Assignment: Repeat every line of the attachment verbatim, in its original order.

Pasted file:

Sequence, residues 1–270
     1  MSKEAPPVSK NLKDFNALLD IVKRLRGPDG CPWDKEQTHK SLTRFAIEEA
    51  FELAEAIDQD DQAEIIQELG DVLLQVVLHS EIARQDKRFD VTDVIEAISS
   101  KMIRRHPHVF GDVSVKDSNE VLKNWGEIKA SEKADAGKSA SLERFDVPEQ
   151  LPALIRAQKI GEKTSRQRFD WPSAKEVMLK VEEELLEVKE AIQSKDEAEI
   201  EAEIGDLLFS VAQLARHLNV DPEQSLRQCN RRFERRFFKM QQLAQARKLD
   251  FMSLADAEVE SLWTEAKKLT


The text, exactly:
Sequence, residues 1–270
     1  MSKEAPPVSK NLKDFNALLD IVKRLRGPDG CPWDKEQTHK SLTRFAIEEA
    51  FELAEAIDQD DQAEIIQELG DVLLQVVLHS EIARQDKRFD VTDVIEAISS
   101  KMIRRHPHVF GDVSVKDSNE VLKNWGEIKA SEKADAGKSA SLERFDVPEQ
   151  LPALIRAQKI GEKTSRQRFD WPSAKEVMLK VEEELLEVKE AIQSKDEAEI
   201  EAEIGDLLFS VAQLARHLNV DPEQSLRQCN RRFERRFFKM QQLAQARKLD
   251  FMSLADAEVE SLWTEAKKLT